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High-Speed CMOS Driver With Current-Diverting Circuit

IP.com Disclosure Number: IPCOM000101272D
Original Publication Date: 1990-Jul-01
Included in the Prior Art Database: 2005-Mar-16
Document File: 7 page(s) / 227K

Publishing Venue

IBM

Related People

Herrman, BD: AUTHOR [+2]

Abstract

A major concern with the introduction of new circuit/chip designs into a package are the effects of simultaneous switching (S.S.). The inductance of the conductor circuit paths within the package are essentially passive and not easily controlled. The number of signal input/output pins (I/Os) of a package are usually maximized at the expense of power I/Os. This results in higher effective inductance through which the switching current must flow. In order to avoid logic failures associated with an excessive number of off chip drivers (OCDs) switching, a restriction is typically placed on the number of OCDs that can switch simultaneously in a package. The restricted number is directly related to the effective package inductance (L) and to the OCD switching current (di/dt).

This text was extracted from an ASCII text file.
This is the abbreviated version, containing approximately 43% of the total text.

High-Speed CMOS Driver With Current-Diverting Circuit

       A major concern with the introduction of new circuit/chip
designs into a package are the effects of simultaneous switching
(S.S.).  The inductance of the conductor circuit paths within the
package are essentially passive and not easily controlled.  The
number of signal input/output pins (I/Os) of a package are usually
maximized at the expense of power I/Os.  This results in higher
effective inductance through which the switching current must flow.
In order to avoid logic failures associated with an excessive number
of off chip drivers (OCDs) switching, a restriction is typically
placed on the number of OCDs that can switch simultaneously in a
package.  The restricted number is directly related to the effective
package inductance (L) and to the OCD switching current (di/dt).

      The advantages of this disclosure are:
1)   This OCD design reduces the detrimental effects of di/dt for
S.S.  drivers by close to 30 percent (design dependent) at the low
end of the Mil temperature spec while maintaining speed performance
objectives of the high end.
2)   Use of this invention permits the utilization of cheaper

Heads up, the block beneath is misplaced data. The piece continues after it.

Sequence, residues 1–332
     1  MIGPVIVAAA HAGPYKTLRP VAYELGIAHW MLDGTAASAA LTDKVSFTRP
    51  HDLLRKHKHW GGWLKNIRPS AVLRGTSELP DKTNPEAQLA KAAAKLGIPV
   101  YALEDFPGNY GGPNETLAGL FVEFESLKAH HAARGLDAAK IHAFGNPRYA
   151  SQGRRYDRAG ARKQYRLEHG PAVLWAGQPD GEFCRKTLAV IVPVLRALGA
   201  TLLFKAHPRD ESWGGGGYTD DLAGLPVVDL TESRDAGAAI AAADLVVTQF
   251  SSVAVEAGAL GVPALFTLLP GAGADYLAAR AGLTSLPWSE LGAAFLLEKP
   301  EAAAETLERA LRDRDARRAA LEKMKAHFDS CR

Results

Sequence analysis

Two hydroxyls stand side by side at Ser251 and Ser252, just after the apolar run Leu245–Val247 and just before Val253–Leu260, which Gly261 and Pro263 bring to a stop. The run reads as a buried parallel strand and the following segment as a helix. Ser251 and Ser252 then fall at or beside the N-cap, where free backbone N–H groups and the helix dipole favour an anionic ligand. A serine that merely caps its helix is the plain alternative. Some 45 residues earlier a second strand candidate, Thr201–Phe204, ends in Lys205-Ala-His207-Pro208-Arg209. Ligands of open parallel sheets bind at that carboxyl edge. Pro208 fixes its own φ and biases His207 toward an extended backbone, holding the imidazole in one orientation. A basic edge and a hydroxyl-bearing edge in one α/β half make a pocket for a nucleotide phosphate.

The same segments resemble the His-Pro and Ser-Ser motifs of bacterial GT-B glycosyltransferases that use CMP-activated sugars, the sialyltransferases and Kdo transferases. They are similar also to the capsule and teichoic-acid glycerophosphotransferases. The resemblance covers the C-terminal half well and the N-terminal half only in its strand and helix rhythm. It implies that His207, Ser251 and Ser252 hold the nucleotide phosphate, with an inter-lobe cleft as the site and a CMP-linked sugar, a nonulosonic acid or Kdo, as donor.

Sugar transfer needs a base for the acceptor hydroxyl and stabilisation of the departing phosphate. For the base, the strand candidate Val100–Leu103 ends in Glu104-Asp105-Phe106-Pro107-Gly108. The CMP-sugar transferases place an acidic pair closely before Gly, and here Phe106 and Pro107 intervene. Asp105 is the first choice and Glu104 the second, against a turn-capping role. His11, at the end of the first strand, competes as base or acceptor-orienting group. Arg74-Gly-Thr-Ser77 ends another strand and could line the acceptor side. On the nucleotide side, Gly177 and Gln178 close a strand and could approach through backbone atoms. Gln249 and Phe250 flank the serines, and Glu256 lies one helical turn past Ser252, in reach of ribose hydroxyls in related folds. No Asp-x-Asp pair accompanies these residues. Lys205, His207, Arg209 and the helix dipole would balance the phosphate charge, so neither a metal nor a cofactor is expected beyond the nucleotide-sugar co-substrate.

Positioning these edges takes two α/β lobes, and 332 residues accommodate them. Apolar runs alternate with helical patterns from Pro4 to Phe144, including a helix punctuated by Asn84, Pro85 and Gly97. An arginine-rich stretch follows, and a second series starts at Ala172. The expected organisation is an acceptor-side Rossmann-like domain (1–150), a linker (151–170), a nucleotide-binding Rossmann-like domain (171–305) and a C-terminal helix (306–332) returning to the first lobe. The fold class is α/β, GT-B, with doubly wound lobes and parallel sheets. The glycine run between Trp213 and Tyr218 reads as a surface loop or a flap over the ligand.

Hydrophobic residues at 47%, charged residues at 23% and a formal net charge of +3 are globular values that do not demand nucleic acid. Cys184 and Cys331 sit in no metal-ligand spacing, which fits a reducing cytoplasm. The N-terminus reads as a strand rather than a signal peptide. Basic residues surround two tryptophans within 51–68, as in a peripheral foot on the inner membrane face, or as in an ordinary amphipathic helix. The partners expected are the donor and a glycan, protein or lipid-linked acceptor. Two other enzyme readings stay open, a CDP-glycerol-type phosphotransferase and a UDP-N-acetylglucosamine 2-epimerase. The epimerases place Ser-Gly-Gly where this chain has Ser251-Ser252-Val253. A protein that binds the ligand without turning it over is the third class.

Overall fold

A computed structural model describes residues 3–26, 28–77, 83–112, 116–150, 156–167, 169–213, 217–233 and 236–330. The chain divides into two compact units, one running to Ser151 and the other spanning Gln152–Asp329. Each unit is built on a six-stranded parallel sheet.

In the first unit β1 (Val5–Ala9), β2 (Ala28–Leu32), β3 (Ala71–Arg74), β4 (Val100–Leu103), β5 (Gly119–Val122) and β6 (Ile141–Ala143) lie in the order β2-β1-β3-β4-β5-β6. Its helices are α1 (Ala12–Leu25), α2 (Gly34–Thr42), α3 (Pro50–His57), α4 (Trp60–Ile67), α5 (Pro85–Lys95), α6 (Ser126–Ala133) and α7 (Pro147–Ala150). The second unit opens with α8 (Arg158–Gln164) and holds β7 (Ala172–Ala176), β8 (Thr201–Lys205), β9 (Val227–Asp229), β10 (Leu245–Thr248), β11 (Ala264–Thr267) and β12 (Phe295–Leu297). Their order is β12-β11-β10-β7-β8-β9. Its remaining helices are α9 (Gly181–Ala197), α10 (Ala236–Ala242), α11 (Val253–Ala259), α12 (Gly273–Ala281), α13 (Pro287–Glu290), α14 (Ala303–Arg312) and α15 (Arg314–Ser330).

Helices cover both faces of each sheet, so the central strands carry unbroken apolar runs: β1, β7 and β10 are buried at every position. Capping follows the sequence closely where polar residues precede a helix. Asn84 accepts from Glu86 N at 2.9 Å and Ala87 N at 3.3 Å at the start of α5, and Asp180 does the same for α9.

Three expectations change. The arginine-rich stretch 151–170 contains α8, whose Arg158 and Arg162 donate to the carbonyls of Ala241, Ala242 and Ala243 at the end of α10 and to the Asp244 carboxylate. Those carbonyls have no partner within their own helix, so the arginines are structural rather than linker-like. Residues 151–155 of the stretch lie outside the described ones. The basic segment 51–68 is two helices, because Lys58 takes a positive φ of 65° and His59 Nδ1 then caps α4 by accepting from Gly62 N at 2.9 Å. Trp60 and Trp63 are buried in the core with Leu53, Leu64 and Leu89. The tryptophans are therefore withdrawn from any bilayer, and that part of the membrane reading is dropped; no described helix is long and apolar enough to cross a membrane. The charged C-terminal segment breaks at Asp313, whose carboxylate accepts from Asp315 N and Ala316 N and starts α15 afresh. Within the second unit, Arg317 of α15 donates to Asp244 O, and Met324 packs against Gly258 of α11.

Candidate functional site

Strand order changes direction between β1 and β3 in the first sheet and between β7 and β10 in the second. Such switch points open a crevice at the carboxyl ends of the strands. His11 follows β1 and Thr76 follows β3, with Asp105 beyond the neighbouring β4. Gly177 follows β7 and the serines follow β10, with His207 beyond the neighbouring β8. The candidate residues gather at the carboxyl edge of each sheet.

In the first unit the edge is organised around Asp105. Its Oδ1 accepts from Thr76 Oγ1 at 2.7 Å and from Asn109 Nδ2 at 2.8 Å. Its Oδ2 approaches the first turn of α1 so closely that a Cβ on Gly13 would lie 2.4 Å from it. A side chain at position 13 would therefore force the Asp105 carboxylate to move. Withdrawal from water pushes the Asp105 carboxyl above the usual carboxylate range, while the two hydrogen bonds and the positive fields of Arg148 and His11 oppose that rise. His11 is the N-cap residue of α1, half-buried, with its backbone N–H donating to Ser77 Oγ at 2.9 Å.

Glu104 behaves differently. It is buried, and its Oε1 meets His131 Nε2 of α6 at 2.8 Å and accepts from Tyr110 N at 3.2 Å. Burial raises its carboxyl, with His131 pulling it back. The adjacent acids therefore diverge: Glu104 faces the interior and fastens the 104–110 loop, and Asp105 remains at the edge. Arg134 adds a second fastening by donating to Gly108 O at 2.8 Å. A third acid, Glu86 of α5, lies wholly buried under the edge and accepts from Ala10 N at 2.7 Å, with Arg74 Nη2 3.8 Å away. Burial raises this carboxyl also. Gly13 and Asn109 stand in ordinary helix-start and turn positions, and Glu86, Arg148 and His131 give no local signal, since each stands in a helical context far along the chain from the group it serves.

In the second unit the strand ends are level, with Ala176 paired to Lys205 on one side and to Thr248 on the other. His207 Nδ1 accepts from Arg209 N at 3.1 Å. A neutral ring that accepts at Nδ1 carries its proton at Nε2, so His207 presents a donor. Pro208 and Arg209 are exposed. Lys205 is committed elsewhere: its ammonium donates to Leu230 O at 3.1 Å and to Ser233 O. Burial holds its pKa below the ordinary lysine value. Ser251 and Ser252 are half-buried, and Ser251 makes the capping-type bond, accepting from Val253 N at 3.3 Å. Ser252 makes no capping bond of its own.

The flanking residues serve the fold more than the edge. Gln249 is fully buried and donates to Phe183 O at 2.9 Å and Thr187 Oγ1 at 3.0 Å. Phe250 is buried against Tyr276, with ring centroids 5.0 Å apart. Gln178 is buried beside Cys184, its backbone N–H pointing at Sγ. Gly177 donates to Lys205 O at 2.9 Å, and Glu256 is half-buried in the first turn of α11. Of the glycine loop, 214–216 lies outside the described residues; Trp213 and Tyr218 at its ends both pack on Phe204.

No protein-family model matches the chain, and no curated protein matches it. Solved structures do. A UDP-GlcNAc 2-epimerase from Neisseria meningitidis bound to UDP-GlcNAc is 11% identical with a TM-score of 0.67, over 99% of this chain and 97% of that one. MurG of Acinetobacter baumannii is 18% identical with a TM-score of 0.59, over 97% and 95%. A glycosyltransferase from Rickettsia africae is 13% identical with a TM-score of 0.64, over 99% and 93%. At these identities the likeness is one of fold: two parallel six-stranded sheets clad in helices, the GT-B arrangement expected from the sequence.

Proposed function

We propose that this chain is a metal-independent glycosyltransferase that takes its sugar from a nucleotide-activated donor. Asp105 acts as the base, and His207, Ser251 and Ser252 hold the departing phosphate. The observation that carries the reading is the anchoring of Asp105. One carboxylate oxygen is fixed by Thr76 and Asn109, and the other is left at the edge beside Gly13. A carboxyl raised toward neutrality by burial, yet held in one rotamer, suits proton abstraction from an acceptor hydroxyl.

packages (higher inductance) for high speed circuits.
3)   No additional processing or alteration to processing required
for this enhancement.
4)   This circuit enhancement requires only one additional small size
device and has minimal impact to circuit area or size.

      In general, CMOS OCDs di/dt will increase in magnitude as the
temperature gets colder (lower) and vice versa. Mil-specs require
operation as low as -55oC and as high as 125oC.  Although the
packaged chip's speed performance is specified at the hottest
temperature, errors due to S.S. predominantly occur at the lowest
temperature.

      The purpose of this invention is to provide a means whereby
maximum performance is maintained at the highest spec temperature for
a given design, but are protected from the increased di/dt effects at
the lowest temperature.  In addition, the impact to speed performance
characteristics are minimized.

      Fig. 1 is an abbreviated schematic of an OCD with an N
pull-down (T1) and N pull-up (T2).  The OCD circuit is typically
designed such that T2 has a lower gate-to-source voltage than T1
(lower gate drive).  T1 has a higher di/dt capability.  Thus, most
S.S. problems tend to occur when T1 turns on.

      The circuit operates in the following manner.  Assume the
output is initially at a high level.  The highest level obtainable is
VDD minus threshold because T2 is an NFET. When the voltage level on
T2's gate is VDD, the output of the OCD is VDD minus a threshold and
T2 is cut off.  Also, T1 and T3 are initially off and T4 is initially
on.  When the input (IN) goes from high to low, the inverters T3 and
T4 will see an input voltage equivalent to ground.  T4 turns off and
T3 turns on.  Most of current sourced by T3 goes to charging th...